Basic authentication sends encoded user credentials in a standard header within the request. Then, Gloo Mesh authenticates the request against a dictionary of usernames and passwords that are written in the external auth policy. If the credentials in the request header match the policy, the request is sent to the destination. If not, Gloo Mesh Gateway returns a 401 response.

You might use basic auth for testing environments, such as when you release a new API method or version to a small number of known users.

Before you begin

  1. Complete the multicluster getting started guide to set up the following testing environment.

    • Three clusters along with environment variables for the clusters and their Kubernetes contexts.
    • The Gloo meshctl CLI, along with other CLI tools such as kubectl and istioctl.
    • The Gloo management server in the management cluster, and the Gloo agents in the workload clusters.
    • Istio installed in the workload clusters.
    • A simple Gloo workspace setup.
  2. Install Bookinfo and other sample apps.
  3. Make sure that the external auth service is installed and running. If not, install the external auth service.

      kubectl get pods --context $REMOTE_CONTEXT1 -A -l app=ext-auth-service
      
  4. Make sure that you have the following CLI tools, or something comparable:

    • htpasswd to generate hashed, salted passwords.
    • base64 to encode strings.

Configure basic external auth policies

You can apply a basic external auth policy at the route or destination level. For more information, see Applying policies.

  1. Generate a salt and hashed password for your user credentials. The following example uses the htpasswd tool for a user named user.

      htpasswd -nbm user password
      

    Example output:

      user:$apr1$TYiryv0/$8BvzLUO9IfGPGGsPnAgSu1
      
  2. Retrieve the salt and hashed password from the output of the previous step.

    • Salt: TYiryv0/
    • Hashed password: 8BvzLUO9IfGPGGsPnAgSu1
  3. Review the following sample configuration file.

      apiVersion: security.policy.gloo.solo.io/v2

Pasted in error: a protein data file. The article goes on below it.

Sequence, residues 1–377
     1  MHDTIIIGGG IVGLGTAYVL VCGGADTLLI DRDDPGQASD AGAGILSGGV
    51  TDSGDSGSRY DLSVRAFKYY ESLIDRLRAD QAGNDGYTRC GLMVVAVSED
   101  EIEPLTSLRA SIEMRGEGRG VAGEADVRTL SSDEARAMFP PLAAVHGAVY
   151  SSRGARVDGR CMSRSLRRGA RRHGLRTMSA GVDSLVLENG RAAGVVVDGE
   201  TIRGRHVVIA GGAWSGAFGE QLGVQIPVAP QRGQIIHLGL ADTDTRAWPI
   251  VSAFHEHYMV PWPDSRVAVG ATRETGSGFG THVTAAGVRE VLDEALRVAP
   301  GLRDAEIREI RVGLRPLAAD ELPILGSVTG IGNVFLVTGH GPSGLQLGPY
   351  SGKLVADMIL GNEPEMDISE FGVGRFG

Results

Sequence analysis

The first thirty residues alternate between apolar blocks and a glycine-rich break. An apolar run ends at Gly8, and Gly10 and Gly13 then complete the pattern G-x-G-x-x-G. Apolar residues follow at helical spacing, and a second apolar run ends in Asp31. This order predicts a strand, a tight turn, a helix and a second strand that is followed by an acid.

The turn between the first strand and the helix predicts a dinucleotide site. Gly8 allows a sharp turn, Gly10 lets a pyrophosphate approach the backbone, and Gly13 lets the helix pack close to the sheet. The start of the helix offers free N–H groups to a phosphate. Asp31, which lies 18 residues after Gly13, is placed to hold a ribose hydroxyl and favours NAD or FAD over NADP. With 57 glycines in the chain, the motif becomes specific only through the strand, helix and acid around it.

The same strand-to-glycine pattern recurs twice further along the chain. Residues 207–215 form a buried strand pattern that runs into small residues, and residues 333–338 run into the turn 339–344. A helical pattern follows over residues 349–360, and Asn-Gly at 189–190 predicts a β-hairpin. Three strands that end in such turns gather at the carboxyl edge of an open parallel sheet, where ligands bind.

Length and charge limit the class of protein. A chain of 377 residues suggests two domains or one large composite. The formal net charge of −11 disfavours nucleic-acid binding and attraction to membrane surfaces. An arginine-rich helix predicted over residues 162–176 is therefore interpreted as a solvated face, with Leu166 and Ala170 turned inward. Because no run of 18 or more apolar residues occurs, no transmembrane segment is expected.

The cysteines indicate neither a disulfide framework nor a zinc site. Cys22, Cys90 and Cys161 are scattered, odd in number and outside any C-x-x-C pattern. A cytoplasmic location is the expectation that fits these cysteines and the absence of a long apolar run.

kind: ExtAuthPolicy
    metadata:
      annotations:
        cluster.solo.io/cluster: ""
      name: basic-auth
      namespace: bookinfo
    spec:
      applyToDestinations:
      - port:
          number: 9080
        selector:
          labels:
            app: ratings
      config:
        glooAuth:
          configs:
          - basicAuth:
              apr:
                users:
                  user:
                    hashedPassword: 8BvzLUO9IfGPGGsPnAgSu1
                    salt: TYiryv0/
        server:
          name: default-server
      

Review the following table to understand this configuration. For more information, see the API docs.

SettingDescription
applyToDestinationsConfigure which destinations to apply the policy to, by using labels. Destinations can be a Kubernetes service, VirtualDestination, or ExternalService. If you do not specify any destinations or routes, the policy applies to all destinations in the workspace by default. If you do not specify any destinations but you do specify a route, the policy applies to the route but to no destinations.
basicAuthConfigure the basic auth credentials to use to authenticate requests. The example sets up user credentials for a user named user in the required APR1 format. For more information, see the API reference.
hashedPasswordThe hashed password that you generated in the previous step. The example sets 8BvzLUO9IfGPGGsPnAgSu1.
saltThe salt, or random data that hashes the password, that you generated in the previous step. The example sets TYiryv0/.
serverThe ExtAuthServer resource that represents the server for the policy to use. In this example, only the name is specified. Gloo attempts to find the resource in the same namespace and cluster as the policy, or you can add namespace and cluster fields. To create an ExtAuthServer resource, see Set up the Gloo Mesh Enterprise external auth server.